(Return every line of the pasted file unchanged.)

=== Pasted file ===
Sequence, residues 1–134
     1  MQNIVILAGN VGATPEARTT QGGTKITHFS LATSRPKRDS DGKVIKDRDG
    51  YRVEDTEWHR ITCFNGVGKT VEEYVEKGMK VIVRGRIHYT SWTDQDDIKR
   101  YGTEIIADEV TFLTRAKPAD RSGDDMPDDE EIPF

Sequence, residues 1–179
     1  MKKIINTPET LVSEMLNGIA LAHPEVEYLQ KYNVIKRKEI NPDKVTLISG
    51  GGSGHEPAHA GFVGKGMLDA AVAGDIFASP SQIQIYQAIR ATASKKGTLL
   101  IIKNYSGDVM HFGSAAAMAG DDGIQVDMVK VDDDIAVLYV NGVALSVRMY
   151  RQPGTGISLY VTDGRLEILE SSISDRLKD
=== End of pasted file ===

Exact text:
Sequence, residues 1–134
     1  MQNIVILAGN VGATPEARTT QGGTKITHFS LATSRPKRDS DGKVIKDRDG
    51  YRVEDTEWHR ITCFNGVGKT VEEYVEKGMK VIVRGRIHYT SWTDQDDIKR
   101  YGTEIIADEV TFLTRAKPAD RSGDDMPDDE EIPF

Sequence, residues 1–179
     1  MKKIINTPET LVSEMLNGIA LAHPEVEYLQ KYNVIKRKEI NPDKVTLISG
    51  GGSGHEPAHA GFVGKGMLDA AVAGDIFASP SQIQIYQAIR ATASKKGTLL
   101  IIKNYSGDVM HFGSAAAMAG DDGIQVDMVK VDDDIAVLYV NGVALSVRMY
   151  RQPGTGISLY VTDGRLEILE SSISDRLKD